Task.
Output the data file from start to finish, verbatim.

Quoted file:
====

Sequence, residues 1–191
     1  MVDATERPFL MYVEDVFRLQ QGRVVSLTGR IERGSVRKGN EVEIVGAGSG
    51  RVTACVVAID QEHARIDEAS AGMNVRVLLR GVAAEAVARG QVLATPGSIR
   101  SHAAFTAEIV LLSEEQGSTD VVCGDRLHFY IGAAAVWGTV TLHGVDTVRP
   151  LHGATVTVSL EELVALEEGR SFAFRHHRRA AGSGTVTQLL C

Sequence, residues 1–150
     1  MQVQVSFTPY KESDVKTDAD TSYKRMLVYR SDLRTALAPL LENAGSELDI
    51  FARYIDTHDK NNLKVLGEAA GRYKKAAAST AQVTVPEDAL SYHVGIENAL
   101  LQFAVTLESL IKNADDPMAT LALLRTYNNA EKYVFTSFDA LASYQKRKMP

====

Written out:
Sequence, residues 1–191
     1  MVDATERPFL MYVEDVFRLQ QGRVVSLTGR IERGSVRKGN EVEIVGAGSG
    51  RVTACVVAID QEHARIDEAS AGMNVRVLLR GVAAEAVARG QVLATPGSIR
   101  SHAAFTAEIV LLSEEQGSTD VVCGDRLHFY IGAAAVWGTV TLHGVDTVRP
   151  LHGATVTVSL EELVALEEGR SFAFRHHRRA AGSGTVTQLL C

Sequence, residues 1–150
     1  MQVQVSFTPY KESDVKTDAD TSYKRMLVYR SDLRTALAPL LENAGSELDI
    51  FARYIDTHDK NNLKVLGEAA GRYKKAAAST AQVTVPEDAL SYHVGIENAL
   101  LQFAVTLESL IKNADDPMAT LALLRTYNNA EKYVFTSFDA LASYQKRKMP